Hope in the midst of despair

Despite a thicket of troubles, from deadly illnesses like AIDS and malaria to corrupt politicians and deep-seated poverty, a plurality of Africans say they are better off today than they were five years ago and are optimistic about their future and that of the next generation, according to a poll conducted in 10 sub-Saharan countries by The New York Times and the Pew Global Attitudes Project.

Africans Are Wary but Hopeful, Poll Shows

Awhile ago I read Paul Theroux's Dark Star Safari, a journal of his travels from Cairo to Capetown. He chronicles this attitude of persistent optimism, or at worst, shoulder shrugging, amongst grinding poverty and rampant disease. I found this attitude really interesting. Apparently humans can get used to almost anything, and if you've started at the bottom, there's really nowhere to go but up. Most Americans, however, have a standard of living far above most Africans, and we're scared as hell to lose it. Thus the near constant whining about gas prices, housing bubbles, etc. Most of us really have it very good here.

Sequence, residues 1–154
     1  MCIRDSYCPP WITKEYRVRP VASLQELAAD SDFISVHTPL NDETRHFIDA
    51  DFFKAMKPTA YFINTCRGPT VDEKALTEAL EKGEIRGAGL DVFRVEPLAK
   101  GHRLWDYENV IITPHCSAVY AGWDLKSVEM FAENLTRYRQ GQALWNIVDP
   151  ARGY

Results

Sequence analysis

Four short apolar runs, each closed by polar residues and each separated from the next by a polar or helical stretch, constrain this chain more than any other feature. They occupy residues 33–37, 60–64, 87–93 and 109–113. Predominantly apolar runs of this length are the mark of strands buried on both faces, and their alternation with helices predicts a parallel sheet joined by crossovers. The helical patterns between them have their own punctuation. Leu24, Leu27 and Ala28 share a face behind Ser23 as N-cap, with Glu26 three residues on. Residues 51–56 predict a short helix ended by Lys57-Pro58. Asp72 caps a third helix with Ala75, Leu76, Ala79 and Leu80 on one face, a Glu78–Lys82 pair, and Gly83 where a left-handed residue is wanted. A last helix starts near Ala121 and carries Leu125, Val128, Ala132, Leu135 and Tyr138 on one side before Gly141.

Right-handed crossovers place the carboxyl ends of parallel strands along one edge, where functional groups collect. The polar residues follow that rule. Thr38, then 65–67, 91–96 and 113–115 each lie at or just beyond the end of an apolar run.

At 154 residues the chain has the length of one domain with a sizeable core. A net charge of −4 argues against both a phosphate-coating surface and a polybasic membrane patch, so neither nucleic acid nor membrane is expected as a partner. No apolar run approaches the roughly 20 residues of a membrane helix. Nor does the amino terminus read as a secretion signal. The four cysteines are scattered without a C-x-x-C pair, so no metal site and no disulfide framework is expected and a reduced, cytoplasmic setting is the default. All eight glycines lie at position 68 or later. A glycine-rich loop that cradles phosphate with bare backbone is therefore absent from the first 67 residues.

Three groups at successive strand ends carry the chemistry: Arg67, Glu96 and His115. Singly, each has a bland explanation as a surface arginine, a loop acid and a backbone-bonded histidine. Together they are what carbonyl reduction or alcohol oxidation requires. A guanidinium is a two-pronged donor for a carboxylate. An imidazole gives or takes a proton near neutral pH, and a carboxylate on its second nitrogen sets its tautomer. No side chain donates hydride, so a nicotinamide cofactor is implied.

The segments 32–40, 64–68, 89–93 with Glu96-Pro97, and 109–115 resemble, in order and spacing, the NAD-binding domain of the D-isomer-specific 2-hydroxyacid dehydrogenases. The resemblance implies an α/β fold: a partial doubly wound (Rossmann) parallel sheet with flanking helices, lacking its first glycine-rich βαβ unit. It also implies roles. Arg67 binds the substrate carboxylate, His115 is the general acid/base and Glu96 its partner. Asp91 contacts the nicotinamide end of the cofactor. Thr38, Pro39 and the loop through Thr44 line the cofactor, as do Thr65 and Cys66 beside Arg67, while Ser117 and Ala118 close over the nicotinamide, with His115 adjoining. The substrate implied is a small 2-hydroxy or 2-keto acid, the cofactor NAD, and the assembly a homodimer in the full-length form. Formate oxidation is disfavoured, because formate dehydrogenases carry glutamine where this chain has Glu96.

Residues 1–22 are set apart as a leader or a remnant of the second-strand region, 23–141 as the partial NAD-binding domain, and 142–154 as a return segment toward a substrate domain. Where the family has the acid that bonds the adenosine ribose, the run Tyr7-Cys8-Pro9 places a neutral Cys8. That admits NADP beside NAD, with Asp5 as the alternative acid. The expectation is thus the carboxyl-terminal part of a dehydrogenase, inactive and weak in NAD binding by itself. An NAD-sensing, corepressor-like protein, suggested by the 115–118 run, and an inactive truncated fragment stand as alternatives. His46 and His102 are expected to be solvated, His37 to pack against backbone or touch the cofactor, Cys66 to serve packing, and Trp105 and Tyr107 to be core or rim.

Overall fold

My grandmother used to say that whatever your troubles were, there was always someone worse off than you. This inspired me to have compassion for that person, and to pull myself up so as not to be self-indulgent in my own misery.

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